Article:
spacer
spacer

PDBsum entry 1ddz

Go to PDB code: 
protein metals Protein-protein interface(s) links
Lyase PDB id
1ddz
Jmol
Contents
Protein chains
481 a.a.
Metals
_ZN ×4
Waters ×612
PDB id:
1ddz
Name: Lyase
Title: X-ray structure of a beta-carbonic anhydrase from the red alga, porphyridium purpureum r-1
Structure: Carbonic anhydrase. Chain: a, b. Engineered: yes
Source: Porphyridium purpureum. Organism_taxid: 35688. Variant: r-1. Expressed in: escherichia coli. Expression_system_taxid: 562.
Biol. unit: Dimer (from PQS)
Resolution:
2.20Å     R-factor:   0.208     R-free:   0.274
Authors: S.Mitsuhashi,T.Mizushima,E.Yamashita,S.Miyachi,T.Tsukihara
Key ref:
S.Mitsuhashi et al. (2000). X-ray structure of beta-carbonic anhydrase from the red alga, Porphyridium purpureum, reveals a novel catalytic site for CO(2) hydration. J Biol Chem, 275, 5521-5526. PubMed id: 10681531 DOI: 10.1074/jbc.275.8.5521
Date:
12-Nov-99     Release date:   08-Mar-00    
PROCHECK
Go to PROCHECK summary
 Headers
 References

Protein chains
Pfam   ArchSchema ?
Q43060  (Q43060_PORCR) -  Carbonic anhydrase
Seq:
Struc:
 
Seq:
Struc:
571 a.a.
481 a.a.
Key:    PfamA domain  Secondary structure  CATH domain

 Enzyme reactions 
   Enzyme class: E.C.4.2.1.1  - Carbonate dehydratase.
[IntEnz]   [ExPASy]   [KEGG]   [BRENDA]
      Reaction: H2CO3 = CO2 + H2O
H(2)CO(3)
= CO(2)
+ H(2)O
      Cofactor: Zn(2+)
Molecule diagrams generated from .mol files obtained from the KEGG ftp site
 Gene Ontology (GO) functional annotation 
  GO annot!
  Biological process     carbon utilization   1 term 
  Biochemical function     carbonate dehydratase activity     2 terms  

 

 
    Added reference    
 
 
DOI no: 10.1074/jbc.275.8.5521 J Biol Chem 275:5521-5526 (2000)
PubMed id: 10681531  
 
 
X-ray structure of beta-carbonic anhydrase from the red alga, Porphyridium purpureum, reveals a novel catalytic site for CO(2) hydration.
S.Mitsuhashi, T.Mizushima, E.Yamashita, M.Yamamoto, T.Kumasaka, H.Moriyama, T.Ueki, S.Miyachi, T.Tsukihara.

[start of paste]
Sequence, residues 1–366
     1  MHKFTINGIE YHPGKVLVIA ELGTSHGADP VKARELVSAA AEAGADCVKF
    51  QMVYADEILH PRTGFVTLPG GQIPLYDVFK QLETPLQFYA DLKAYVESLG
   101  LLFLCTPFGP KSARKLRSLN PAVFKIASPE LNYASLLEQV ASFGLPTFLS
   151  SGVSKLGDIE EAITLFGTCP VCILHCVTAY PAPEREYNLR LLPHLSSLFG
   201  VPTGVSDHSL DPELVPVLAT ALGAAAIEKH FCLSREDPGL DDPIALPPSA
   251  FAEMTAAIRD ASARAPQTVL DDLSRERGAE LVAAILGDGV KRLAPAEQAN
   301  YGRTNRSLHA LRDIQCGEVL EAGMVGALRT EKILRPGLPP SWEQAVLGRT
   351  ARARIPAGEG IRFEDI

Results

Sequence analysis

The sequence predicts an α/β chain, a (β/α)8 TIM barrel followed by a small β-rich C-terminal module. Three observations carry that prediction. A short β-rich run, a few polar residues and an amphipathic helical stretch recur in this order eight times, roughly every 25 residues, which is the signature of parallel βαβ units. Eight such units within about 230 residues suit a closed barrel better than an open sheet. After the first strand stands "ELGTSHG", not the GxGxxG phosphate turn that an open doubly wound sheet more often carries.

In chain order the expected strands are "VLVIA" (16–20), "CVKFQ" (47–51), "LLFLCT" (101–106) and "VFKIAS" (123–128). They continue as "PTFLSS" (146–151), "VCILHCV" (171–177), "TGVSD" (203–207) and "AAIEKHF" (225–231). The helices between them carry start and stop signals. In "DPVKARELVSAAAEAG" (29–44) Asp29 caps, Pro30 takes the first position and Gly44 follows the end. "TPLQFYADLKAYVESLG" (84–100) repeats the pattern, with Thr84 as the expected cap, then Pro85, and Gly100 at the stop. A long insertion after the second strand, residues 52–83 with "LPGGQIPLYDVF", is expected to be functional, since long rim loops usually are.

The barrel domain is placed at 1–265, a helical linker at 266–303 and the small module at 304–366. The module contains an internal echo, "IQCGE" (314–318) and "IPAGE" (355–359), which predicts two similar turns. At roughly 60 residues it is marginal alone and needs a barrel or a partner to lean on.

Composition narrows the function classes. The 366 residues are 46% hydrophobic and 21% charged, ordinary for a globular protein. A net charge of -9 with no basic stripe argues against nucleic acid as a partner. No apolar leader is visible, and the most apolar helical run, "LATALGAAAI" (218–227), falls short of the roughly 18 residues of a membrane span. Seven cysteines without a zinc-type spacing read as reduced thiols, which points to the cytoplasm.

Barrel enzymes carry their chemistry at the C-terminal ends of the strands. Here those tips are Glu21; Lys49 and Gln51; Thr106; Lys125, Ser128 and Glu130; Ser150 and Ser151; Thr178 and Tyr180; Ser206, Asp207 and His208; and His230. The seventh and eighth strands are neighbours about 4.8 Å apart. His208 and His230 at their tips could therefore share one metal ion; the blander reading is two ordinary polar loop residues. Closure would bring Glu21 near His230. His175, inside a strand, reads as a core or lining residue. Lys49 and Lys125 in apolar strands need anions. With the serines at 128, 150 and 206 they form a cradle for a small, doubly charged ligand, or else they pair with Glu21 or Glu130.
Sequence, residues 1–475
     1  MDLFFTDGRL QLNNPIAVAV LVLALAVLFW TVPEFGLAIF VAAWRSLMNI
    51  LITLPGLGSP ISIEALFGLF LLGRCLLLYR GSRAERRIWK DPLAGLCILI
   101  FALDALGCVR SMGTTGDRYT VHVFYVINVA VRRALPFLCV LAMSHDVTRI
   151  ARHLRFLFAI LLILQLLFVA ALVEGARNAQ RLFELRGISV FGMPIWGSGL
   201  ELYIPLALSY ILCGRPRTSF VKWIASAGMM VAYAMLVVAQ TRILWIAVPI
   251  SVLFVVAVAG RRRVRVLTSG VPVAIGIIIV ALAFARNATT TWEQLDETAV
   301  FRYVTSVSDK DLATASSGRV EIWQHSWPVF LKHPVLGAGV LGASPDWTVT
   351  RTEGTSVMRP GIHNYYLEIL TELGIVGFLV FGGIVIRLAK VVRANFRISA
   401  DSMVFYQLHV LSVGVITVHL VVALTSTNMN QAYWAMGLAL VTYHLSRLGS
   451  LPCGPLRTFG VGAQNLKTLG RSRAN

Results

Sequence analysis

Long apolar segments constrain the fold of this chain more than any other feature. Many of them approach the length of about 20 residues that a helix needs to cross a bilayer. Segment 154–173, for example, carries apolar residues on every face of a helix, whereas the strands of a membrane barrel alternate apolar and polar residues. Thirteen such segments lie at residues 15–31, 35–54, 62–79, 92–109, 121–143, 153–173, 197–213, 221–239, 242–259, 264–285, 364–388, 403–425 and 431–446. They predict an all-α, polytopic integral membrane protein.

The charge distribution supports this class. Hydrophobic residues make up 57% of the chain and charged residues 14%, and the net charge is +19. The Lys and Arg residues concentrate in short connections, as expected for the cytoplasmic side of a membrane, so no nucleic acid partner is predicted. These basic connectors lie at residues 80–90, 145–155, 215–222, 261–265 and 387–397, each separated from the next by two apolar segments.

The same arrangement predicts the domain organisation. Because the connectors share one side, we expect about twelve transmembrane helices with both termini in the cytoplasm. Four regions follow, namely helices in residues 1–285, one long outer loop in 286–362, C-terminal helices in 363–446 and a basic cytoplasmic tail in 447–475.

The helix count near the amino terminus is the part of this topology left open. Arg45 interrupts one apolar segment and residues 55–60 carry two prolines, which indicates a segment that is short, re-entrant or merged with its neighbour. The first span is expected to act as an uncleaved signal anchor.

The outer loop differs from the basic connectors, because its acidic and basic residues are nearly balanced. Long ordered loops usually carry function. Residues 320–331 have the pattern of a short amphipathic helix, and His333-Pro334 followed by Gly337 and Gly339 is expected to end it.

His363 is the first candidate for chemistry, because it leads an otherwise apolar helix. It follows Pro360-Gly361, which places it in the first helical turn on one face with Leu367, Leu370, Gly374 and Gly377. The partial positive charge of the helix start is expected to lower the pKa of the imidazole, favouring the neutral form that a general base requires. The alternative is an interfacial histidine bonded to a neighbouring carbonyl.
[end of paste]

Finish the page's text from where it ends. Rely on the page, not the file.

ABSTRACT  
 
The carbonic anhydrases (CAs) fall into three evolutionarily distinct families designated alpha-, beta-, and gamma-CAs based on their primary structure. beta-CAs are present in higher plants, algae, and prokaryotes, and are involved in inorganic carbon utilization. Here, we describe the novel x-ray structure of beta-CA from the red alga, Porphyridium purpureum, at 2.2-A resolution using intrinsic zinc multiwavelength anomalous diffraction phasing. The CA monomer is composed of two internally repeating structures, being folded as a pair of fundamentally equivalent motifs of an alpha/beta domain and three projecting alpha-helices. The motif is obviously distinct from that of either alpha- or gamma-CAs. This homodimeric CA appears like a tetramer with a pseudo 222 symmetry. The active site zinc is coordinated by a Cys-Asp-His-Cys tetrad that is strictly conserved among the beta-CAs. No water molecule is found in a zinc-liganding radius, indicating that the zinc-hydroxide mechanism in alpha-CAs, and possibly in gamma-CAs, is not directly applicable to the case in beta-CAs. Zinc coordination environments of the CAs provide an interesting example of the convergent evolution of distinct catalytic sites required for the same CO(2) hydration reaction.
 
  Selected figure(s)  
 
Figure 1.